Positive tests

Robert Bell rmsbell200 at YAHOO.COM
Mon Mar 9 16:18:03 UTC 2015


Agree, agree - so why does someone not recommend standard procedures?  Let's first get the basics sorted out. Let's pick the low hanging fruit first.

Should every private office have at least one person dedicated to preventing error?

Rob B

Sent from my iPad

On Mar 9, 2015, at 7:54 AM, "Hoffer, Edward P.,M.D." <EHOFFER at MGH.HARVARD.EDU> wrote:

> I would respectfully disagree. I tell my patients that while MOST of the time, no news = good news, in a small percentage of situations, no news = the test got lost, the report was misfiled, the specimen was never received, etc. I doubt many doctors intentionally do not tell patients about abnormal findings, I do believe that a test that never gets reported is easy to lose sight of.  So, closed loop = better. It is not much effort to write “good news” on a report and mail a copy to the patient if you do not have a portal.
> 
> Ed
> 
> Edward P Hoffer MD
> 
>  
> 
> From: Mark H Ebell [mailto:ebell at UGA.EDU] 
> Sent: Sunday, March 08, 2015 10:53 PM
> To: IMPROVEDX at LIST.IMPROVEDIAGNOSIS.ORG
> Subject: Re: [IMPROVEDX] Positive tests
> 
>  
> 
> While in an ideal world, that makes sense, in a busy primary care practice in the non-academic setting, communicating every negative result would impose a large cost on the practice. Someone has to call or mail or email every patient for every test ever ordered. I don’t think that’s realistic. Not that it wouldn’t be valuable, but in the real world it probably makes more sense to be selective in communicating negative findings, focusing on critical results (you don’t have cancer, your cath was normal, etc).
> 
>  
> 
> Best,
> 
>  
> 
> Mark
> 
>  
> 
>> 
> Mark H. Ebell MD, MS
> 
> Professor of Epidemiology
> 
> University of Georgia
> 
> Editor, Essential Evidence
> 
> Deputy Editor, American Family Physician
> 
> ebell at uga.edu
> 
>  
> 
>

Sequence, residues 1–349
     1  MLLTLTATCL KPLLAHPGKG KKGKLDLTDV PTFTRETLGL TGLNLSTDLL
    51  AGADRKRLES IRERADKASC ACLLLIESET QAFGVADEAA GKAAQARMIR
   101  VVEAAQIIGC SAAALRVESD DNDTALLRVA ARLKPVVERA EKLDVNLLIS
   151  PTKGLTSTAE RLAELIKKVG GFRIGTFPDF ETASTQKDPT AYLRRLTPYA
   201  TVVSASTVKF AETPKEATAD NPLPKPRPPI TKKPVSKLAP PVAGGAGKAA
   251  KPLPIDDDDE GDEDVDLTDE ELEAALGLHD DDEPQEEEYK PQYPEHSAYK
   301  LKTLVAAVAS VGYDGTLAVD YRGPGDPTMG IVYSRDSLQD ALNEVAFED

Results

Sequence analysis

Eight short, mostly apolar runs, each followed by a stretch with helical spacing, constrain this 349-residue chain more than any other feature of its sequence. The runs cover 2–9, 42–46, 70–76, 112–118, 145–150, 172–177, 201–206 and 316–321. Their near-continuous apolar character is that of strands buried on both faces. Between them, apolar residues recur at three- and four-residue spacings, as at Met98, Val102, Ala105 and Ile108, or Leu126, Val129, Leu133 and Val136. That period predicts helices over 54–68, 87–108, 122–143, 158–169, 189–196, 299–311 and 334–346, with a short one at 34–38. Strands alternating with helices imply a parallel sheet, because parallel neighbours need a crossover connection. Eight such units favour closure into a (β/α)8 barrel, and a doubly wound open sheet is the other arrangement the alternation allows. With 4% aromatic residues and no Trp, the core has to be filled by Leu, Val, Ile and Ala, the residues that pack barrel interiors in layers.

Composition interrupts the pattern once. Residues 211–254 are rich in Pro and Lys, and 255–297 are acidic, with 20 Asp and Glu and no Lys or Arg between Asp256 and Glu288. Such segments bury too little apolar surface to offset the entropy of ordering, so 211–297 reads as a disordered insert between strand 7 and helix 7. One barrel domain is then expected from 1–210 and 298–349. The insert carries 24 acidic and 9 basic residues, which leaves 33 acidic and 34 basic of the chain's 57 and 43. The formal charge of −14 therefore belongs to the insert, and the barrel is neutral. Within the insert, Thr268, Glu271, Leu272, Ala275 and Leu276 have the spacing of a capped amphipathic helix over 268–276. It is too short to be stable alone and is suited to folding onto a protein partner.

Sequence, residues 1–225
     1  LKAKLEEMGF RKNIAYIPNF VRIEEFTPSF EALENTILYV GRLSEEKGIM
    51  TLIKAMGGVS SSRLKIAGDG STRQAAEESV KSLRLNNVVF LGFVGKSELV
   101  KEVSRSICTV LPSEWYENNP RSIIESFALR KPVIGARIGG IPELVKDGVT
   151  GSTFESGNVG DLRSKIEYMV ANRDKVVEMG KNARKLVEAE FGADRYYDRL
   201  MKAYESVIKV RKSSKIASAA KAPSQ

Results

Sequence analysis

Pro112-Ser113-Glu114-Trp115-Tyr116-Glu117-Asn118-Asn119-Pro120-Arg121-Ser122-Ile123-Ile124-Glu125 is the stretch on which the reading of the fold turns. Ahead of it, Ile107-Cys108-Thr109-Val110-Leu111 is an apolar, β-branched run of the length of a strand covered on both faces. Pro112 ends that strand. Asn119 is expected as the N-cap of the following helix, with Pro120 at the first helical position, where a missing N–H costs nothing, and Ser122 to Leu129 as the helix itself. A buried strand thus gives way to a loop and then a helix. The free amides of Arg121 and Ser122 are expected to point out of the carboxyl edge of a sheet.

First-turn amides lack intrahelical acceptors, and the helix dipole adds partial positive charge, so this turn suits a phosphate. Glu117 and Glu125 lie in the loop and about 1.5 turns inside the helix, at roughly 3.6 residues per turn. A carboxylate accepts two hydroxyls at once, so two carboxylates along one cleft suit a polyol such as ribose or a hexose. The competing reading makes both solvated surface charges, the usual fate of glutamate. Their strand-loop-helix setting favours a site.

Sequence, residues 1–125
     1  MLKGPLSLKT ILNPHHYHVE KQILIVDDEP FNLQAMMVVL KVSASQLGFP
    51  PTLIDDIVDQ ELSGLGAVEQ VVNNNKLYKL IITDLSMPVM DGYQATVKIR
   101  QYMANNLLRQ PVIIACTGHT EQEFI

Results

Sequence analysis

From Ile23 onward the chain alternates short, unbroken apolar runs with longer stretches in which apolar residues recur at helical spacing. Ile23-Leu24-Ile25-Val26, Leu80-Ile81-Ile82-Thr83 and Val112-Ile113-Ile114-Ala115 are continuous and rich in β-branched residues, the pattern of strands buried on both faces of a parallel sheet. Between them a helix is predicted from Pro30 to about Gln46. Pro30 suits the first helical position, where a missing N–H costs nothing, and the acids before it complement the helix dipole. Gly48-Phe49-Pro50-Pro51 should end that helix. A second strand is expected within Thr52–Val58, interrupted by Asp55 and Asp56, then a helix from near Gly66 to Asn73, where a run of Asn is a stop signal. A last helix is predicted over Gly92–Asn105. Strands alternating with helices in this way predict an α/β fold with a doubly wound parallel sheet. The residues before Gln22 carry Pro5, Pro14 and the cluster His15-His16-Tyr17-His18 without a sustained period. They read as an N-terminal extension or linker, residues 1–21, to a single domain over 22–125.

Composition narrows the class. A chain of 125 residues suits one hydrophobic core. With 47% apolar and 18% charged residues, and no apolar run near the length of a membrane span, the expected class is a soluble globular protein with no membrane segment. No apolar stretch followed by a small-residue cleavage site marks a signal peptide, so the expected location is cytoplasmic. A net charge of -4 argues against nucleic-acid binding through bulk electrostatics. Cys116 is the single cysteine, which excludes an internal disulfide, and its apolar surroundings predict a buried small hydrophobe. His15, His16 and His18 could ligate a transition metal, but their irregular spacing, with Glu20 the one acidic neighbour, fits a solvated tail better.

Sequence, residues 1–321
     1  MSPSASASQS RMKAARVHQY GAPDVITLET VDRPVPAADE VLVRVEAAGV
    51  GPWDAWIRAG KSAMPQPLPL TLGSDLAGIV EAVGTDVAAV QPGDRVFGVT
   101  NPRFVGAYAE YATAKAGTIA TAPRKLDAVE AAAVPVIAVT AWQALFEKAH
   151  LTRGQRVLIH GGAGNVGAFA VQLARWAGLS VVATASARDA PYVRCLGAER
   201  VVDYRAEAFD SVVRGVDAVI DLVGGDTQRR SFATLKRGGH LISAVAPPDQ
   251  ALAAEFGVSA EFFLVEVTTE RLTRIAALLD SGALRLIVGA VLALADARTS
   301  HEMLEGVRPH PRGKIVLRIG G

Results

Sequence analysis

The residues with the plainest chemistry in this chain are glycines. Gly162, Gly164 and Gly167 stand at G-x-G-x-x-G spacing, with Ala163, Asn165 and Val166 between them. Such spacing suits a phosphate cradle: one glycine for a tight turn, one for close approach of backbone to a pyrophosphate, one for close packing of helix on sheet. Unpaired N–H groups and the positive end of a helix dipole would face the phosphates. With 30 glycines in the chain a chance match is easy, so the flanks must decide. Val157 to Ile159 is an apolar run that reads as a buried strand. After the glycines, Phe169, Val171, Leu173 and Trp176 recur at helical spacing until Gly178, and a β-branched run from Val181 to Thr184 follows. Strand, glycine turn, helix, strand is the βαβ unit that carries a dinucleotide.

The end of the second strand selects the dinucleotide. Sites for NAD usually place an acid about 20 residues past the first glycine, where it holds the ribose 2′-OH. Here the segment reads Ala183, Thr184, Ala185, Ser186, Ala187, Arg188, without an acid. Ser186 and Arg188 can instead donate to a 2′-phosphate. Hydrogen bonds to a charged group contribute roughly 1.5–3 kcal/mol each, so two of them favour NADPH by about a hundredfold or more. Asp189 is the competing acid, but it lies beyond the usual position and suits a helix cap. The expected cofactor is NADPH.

> 
> From: <Pauker>, Stephen
> Reply-To: Society to Improve Diagnosis in Medicine, "Pauker, Stephen"
> Date: Sunday, March 8, 2015 at 8:10 PM
> To: "IMPROVEDX at LIST.IMPROVEDIAGNOSIS.ORG"
> Subject: Re: [IMPROVEDX] Positive tests
> 
>  
> 
> In my experience and writings , negative or normal test results can be quite important in making a diagnosis, so not communicating them to the patient can be withholding key information. All results positive or negative should be communicated. Further withholding them can sometimes lead to repeating the test
> 
> Steve
> 
> 
> 
> Sent with Good (www.good.com)
> 
> 
> -----Original Message-----
> From: Robert Bell [rmsbell at ESEDONA.NET]
> Sent: Sunday, March 08, 2015 01:33 PM Eastern Standard Time
> To: IMPROVEDX at LIST.IMPROVEDIAGNOSIS.ORG
> Subject: [IMPROVEDX] Positive tests
> 
> 
> 
> Many doctor's offices only call or mention to patients positive test results that have been undertaken (particularly lab tests). Is that a good thing and does it in any way impact diagnosis?
> 
> Also, what are the effects of the new electronic portals on diagnosis. It is a big change in medicine.
> 
> Rob Bell
> 
> Sent from my iPad
> 
> 
> 
> 
> 
> Moderator: David Meyers, Board Member, Society to Improve Diagnosis in Medicine
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Moderator: David Meyers, Board Member, Society to Improve Diagnosis in Medicine


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